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Gamage Shipyard

Historic yard grows for the future

By Laurie Schreiber

The Gamage Shipyard, which has been building ships at this site on the South Bristol shore for almost 150 years, has been reinvigorated under new ownership. Photo by Laurie Schreiber  

Sitting on a quiet cove on the South Bristol Gut, just off midcoast Maine’s beautiful Damariscotta River, is Gamage Shipyard, whose storied history goes back 150 years.

Harvey Gamage, shown here in his office with his constant companion, the dog Lady, carried on a family boatbuilding heritage until his death in 1976. Photo by Everett “Red” Boutilier from the collection of the Penobscot Marine Museum Under brothers Albion and Menzies Gamage, and then Harvey Gamage, the yard produced scores of sturdy vessels of all types, including some of the East Coast’s great windjammers. A lull in activity followed Harvey Gamage’s death in 1976. But today, the yard is under new ownership, and with investment being made in infrastructure and machinery, it’s a hive of activity. More growth is on the horizon, said General Manager Mike Tatro. “We’re really bringing this back as a lively yard,” he said.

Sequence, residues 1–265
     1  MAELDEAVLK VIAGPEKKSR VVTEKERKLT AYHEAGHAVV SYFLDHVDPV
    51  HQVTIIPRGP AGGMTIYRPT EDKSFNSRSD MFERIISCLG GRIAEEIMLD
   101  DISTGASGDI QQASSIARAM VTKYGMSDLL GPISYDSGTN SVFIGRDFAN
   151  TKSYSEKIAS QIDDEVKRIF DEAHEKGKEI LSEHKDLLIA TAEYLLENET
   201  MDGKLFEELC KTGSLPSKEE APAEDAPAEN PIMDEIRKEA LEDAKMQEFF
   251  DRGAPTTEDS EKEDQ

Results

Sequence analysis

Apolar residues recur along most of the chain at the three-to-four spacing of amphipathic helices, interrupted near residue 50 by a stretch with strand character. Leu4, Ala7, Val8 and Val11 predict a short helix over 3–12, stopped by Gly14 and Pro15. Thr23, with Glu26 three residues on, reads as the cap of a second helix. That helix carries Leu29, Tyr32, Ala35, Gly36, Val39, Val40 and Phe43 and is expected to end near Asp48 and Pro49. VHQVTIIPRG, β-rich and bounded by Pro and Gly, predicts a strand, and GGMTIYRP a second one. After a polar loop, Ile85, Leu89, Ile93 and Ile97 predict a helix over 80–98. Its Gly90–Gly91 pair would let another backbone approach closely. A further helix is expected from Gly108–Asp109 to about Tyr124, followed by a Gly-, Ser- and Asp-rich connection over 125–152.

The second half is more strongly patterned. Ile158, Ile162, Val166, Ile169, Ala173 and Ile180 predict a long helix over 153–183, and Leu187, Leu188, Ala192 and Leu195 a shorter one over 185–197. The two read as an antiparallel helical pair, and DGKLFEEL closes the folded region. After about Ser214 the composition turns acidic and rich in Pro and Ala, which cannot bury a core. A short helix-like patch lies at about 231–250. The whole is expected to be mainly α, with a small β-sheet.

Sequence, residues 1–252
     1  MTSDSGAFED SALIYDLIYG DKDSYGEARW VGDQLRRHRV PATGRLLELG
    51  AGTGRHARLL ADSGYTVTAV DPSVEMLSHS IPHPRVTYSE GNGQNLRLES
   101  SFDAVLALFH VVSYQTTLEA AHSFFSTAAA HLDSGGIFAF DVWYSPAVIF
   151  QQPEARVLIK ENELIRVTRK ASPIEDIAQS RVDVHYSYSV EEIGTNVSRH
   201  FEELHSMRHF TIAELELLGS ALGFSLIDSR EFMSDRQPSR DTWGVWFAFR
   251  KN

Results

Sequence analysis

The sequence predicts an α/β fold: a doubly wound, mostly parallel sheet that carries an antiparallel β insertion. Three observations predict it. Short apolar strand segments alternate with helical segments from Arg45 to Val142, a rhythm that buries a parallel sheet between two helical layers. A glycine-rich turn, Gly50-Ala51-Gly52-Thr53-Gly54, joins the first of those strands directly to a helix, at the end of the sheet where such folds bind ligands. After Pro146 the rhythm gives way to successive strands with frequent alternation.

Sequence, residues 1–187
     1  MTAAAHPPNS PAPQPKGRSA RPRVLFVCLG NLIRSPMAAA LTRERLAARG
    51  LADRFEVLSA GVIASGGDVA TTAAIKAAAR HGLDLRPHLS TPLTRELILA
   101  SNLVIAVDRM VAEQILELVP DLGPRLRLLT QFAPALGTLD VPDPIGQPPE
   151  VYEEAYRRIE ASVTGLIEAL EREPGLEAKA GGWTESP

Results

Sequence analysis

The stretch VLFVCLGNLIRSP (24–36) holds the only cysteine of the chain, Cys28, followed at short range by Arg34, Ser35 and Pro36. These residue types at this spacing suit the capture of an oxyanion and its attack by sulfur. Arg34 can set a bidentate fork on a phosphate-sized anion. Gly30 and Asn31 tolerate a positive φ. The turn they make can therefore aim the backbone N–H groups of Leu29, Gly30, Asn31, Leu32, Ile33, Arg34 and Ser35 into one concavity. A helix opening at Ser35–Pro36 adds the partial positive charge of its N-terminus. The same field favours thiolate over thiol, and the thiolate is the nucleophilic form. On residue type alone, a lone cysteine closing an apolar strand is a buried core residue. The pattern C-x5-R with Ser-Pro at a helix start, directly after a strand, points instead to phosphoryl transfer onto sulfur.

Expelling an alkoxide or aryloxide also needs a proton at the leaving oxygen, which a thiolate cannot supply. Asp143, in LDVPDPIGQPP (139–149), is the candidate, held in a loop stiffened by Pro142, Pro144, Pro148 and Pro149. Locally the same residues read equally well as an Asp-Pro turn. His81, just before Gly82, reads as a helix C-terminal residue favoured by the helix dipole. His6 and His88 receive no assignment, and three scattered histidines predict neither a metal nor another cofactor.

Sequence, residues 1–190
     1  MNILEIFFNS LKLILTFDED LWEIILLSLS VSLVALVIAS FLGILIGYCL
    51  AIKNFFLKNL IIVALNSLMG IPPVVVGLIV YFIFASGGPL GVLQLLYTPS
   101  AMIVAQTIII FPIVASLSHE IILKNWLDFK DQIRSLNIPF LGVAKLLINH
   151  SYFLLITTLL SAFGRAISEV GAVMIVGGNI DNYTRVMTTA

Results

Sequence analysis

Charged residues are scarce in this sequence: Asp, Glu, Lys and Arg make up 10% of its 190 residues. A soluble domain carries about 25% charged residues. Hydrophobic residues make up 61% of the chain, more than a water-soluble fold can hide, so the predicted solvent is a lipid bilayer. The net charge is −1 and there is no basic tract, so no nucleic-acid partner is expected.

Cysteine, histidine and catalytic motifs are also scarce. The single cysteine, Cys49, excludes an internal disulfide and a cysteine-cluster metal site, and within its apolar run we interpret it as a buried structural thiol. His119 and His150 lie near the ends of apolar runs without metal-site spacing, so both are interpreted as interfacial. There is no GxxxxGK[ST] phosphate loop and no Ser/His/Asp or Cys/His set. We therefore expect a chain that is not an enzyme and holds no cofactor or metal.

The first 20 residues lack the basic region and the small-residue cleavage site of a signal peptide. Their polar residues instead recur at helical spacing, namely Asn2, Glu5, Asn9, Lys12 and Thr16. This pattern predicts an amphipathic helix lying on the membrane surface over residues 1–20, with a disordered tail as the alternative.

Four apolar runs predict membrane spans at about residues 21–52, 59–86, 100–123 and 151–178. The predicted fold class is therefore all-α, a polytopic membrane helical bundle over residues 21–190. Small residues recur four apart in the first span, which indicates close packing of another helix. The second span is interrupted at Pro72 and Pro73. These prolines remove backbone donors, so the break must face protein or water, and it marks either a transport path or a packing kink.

Albion and Menzies Gamage began building large wooden sailing vessels in the early 1850s, according to a history written by David Andrews for the South Bristol Historical Society in 2002. Over the next 50 years, from 1850 to 1900, the brothers built more than 88 sail- and steam-powered boats, selling them locally and as far away as New York and maritime Canada. 

Menzies Gamage’s son Elliot bought the yard in 1911, but there was little activity on the land until 1924, when Elliot’s cousin, Harvey Gamage, bought the property, leaving an apprenticeship in an East Boothbay boatyard to set up business for himself. From 1924 to 1976, Harvey oversaw the construction of more than 288 sailboats, powerboats, draggers, scallopers, and windjammers. 

A view of the yard as it looked in the 1940s. Harvey Gamage built two huge construction sheds on the waterfront during World War II, which later fell into disrepair and have been removed. Courtesy Penobscot Marine Museum